It's somewhat analogous to the 1970s energy crisis. That is what caused the East Coast, except for New York City, to adopt right turn on red. Most of the East Coast did not allow right on red until then and my understanding [is] it was allowed for energy saving purposes ... this approach would cause substantial savings without trading off safety.

CNN: One technique that's been suggested by urban planners is the roundabout.

Lauder: Roundabouts are a wonderful technology that have been well established outside of our country and they're starting to appear more and more in America, but very, very slowly. They're kind of expensive to put in and they sometimes require eminent domain [condemnation] of land around where they're put in. So it's kind of a big deal to put in. Whereas the nice thing about the sign I'm proposing is that it's probably about $200 per location, to take down the old sign and put up a new one, which is obviously a drop in the bucket and could be implemented in a very short time once it was approved.

CNN: Talk about the merits of the new sign and where you think they should be placed.

Lauder: This is not meant for everywhere. Its best use is for where you have a high level of traffic on the major road and only a minor level of traffic coming in on the minor road ... all the cars all day long on the major road today have to stop for those phantom cars that aren't there. This is meant for situations where you have a three- or four-way intersection that has three- or four-way stop signs. So it's meant to be placed on the major roads, not the minor road. The minor road will still have a stop sign.

CNN: In the ideal case, it would accomplish what?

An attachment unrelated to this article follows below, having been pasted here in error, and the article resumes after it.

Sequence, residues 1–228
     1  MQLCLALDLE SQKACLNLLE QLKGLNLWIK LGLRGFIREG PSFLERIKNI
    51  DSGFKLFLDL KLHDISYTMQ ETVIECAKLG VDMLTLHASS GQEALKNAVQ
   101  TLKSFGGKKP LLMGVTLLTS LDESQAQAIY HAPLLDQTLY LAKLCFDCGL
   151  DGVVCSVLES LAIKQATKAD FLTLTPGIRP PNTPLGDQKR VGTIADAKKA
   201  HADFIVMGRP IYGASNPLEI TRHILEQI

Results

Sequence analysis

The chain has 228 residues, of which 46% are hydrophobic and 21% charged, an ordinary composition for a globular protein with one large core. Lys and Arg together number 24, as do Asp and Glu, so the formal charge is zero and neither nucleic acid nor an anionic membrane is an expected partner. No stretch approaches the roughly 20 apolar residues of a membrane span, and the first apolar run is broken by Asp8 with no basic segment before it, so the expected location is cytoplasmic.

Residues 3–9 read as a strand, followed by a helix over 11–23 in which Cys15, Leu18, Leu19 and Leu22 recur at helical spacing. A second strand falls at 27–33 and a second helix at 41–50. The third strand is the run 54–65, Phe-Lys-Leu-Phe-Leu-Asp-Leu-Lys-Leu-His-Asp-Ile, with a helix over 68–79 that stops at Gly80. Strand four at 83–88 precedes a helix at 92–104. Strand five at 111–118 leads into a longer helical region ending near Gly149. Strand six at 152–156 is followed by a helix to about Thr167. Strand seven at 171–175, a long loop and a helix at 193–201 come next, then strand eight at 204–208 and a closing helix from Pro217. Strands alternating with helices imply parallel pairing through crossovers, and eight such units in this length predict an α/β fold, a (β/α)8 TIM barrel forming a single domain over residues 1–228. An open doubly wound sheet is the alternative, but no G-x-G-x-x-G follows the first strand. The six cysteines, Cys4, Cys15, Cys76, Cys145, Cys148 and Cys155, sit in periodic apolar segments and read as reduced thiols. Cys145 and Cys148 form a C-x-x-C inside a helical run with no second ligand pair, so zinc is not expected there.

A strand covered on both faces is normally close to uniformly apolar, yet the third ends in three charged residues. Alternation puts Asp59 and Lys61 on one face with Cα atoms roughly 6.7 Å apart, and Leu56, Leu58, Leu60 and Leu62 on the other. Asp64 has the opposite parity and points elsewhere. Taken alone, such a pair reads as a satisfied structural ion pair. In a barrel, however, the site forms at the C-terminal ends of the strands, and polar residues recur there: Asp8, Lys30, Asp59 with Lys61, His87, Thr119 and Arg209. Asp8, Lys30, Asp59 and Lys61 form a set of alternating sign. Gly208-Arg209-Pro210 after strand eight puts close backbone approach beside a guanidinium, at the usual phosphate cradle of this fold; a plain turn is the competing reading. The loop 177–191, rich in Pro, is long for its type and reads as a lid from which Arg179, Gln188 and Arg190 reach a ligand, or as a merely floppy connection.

Lauder: The idea is it would enable cars to not have to stop if there's no one to stop for, and so not stopping saves gas, which means saving pollution and it saves time, and ... there are lots of law-abiding citizens who consistently break the letter of the law by not coming to a full and complete stop. It's really unfortunate to have laws that compel one to violate common sense and violate what's best for our atmosphere and respect for our wallets. ... This would help bring the law back into sync with common sense.

CNN: Do you have a name for this sign?

Lauder: I call it the "take turns" sign, which unfortunately suffers from a slight ambiguity because there are two meanings of the term "taking turns." You can take a turn at an intersection, which means turning right or left, or taking turns means alternating, but I can't think of a better way to express it in our language.

CNN: And beyond giving the TED Talk about it, have you proposed this to any government?

Lauder: Not yet. I have been looking into how to get this idea in circulation among people where this is their job, traffic engineers ... I am in the process of looking into how to bring this idea to them, but I have not yet figured out a good way. ...

I thought this type of idea might best be initiated at a forum like TED. People who attend TED or watch it online are people who enjoy new ideas and would inherently be critical but receptive to things that would improve the world.

CNN: What's the reaction been since the TED talk?

Lauder: Well it's been remarkable how positively it's been received, mostly in the form of comments on the site, and people posting it and reposting it. And lots of Tweets. There are some negative comments and lots and lots of misunderstanding, but by and large it's been positive.

Some of the people who commented on various Web sites noted that there have been signs that urged people to take turns, but those had been in merging situations where there are two lanes that are merging into one. And that's a completely different purpose. ...

So the reaction has been very positive, and that encouragement has been important to me in wanting to help make the idea into a reality.

For more information on Lauder's idea, click here